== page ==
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Prolactinoma is a benign tumor of the pituitary gland that produces a hormone called prolactin. It is the most common type of pituitary tumor. Symptoms of prolactinoma are caused by too much prolactin in the blood (hyperprolactinemia) or by pressure of the tumor on surrounding tissues.
Prolactin stimulates the breast to produce milk during pregnancy. After delivery of the baby, a mother's prolactin levels fall unless she breast feeds her infant. Each time the baby nurses, prolactin levels rise to maintain milk production.
In women, high blood levels of prolactin often cause infertility and changes in menstruation. In some women, periods may disappear altogether. In others, periods may become irregular or menstrual flow may change. Women who are not pregnant or nursing may begin producing breast milk. Some women may experience a loss of libido (interest in sex). Intercourse may become painful because of vaginal dryness.
In men, the most common symptom of prolactinoma is impotence. Because men have no reliable indicator such as menstruation to signal a problem, many men delay going to the doctor until they have headaches or eye problems caused by the enlarged pituitary pressing against nearby eye nerves. They may not recognize a gradual loss of sexual function or libido. Only after treatment do some men realize they had a problem with sexual function.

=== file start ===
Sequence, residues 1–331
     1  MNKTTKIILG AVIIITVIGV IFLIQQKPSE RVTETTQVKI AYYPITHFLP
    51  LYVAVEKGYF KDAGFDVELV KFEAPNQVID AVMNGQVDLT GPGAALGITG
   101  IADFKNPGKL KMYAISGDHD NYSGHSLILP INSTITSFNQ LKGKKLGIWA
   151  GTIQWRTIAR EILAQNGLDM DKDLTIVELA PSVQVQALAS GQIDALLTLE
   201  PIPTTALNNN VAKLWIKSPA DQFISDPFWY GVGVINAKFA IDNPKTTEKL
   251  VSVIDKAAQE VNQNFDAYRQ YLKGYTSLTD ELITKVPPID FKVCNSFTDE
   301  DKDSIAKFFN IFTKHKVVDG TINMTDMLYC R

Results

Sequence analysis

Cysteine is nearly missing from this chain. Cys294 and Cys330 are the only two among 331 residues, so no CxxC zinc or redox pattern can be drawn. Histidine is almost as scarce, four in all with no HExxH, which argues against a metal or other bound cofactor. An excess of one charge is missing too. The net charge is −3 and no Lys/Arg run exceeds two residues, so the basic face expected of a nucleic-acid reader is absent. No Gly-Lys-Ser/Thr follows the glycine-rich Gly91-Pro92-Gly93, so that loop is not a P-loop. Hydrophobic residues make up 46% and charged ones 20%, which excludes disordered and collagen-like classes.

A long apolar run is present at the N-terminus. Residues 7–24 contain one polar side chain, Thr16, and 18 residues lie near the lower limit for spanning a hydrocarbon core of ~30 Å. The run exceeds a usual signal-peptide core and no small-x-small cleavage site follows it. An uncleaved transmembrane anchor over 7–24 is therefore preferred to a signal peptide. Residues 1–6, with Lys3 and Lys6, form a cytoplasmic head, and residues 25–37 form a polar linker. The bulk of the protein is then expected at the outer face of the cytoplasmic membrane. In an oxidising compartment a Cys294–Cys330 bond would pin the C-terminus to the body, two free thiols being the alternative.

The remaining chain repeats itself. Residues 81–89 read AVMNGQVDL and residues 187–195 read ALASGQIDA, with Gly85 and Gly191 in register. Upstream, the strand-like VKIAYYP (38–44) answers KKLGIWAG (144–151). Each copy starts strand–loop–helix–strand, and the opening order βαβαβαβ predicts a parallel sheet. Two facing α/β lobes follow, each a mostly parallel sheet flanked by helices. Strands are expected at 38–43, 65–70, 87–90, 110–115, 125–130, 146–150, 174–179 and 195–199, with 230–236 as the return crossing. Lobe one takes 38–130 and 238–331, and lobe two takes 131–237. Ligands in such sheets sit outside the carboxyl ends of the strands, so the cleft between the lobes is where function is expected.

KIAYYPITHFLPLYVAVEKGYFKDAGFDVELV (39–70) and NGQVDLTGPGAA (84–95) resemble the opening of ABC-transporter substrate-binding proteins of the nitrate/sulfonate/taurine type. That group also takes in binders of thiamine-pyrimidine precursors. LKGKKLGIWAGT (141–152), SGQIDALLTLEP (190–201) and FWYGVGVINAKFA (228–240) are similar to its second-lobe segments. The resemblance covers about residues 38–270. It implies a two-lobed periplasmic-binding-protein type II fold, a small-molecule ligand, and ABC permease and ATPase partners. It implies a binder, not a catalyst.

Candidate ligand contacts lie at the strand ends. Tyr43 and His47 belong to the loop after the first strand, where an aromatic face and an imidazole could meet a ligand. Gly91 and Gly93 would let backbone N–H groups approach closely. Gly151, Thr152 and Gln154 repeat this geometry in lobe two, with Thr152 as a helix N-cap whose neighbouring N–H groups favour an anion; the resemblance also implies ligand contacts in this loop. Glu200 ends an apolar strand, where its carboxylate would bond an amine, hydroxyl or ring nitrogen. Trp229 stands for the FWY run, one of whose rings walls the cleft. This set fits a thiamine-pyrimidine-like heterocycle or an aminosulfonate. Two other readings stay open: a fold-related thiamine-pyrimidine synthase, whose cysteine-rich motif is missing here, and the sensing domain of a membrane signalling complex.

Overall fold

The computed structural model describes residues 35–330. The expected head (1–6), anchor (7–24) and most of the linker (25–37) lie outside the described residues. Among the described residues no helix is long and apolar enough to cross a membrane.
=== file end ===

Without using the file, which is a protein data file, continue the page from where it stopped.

A doctor will test for prolactin blood levels in women with unexplained milk secretion (galactorrhea) or irregular menses or infertility, and in men with impaired sexual function and, in rare cases, milk secretion. If prolactin is high, a doctor will test thyroid function and ask first about other conditions and medications known to raise prolactin secretion. The doctor will also request a magnetic resonance imaging (MRI), which is the most sensitive test for detecting pituitary tumors and determining their size. MRI scans may be repeated periodically to assess tumor progression and the effects of therapy. Computer Tomography (CT scan) also gives an image of the pituitary, but it is less sensitive than the MRI.
In addition to assessing the size of the pituitary tumor, doctors also look for damage to surrounding tissues, and perform tests to assess whether production of other pituitary hormones is normal. Depending on the size of the tumor, the doctor may request an eye exam with measurement of visual fields.
Although research continues to unravel the mysteries of disordered cell growth, the cause of pituitary tumors remains unknown. Most pituitary tumors are sporadic—they are not genetically passed from parents to offspring.
In some people, high blood levels of prolactin can be traced to causes other than a pituitary tumor.
Prescription Drugs. Prolactin secretion in the pituitary is normally suppressed by the brain chemical, dopamine. Drugs that block the effects of dopamine at the pituitary or deplete dopamine stores in the brain may cause the pituitary to secrete prolactin. These drugs include the major tranquilizers trifluoperazine (Stelazine) and haloperidol (Haldol); metoclopramide (Reglan), used to treat gastroesophageal reflux and the nausea caused by certain cancer drugs; and less often, alpha methyldopa and reserpine, used to control hypertension.
Other Pituitary Tumors. Other tumors arising in or near the pituitary—such as those that cause acromegaly or Cushing's syndrome—may block the flow of dopamine from the brain to the prolactin-secreting cells.
Hypothyroidism. Increased prolactin levels are often seen in people with hypothyroidism, and doctors routinely test people with hyperprolactinemia for hypothyroidism.
Breast Stimulation also can cause a modest increase in the amount of prolactin in the blood.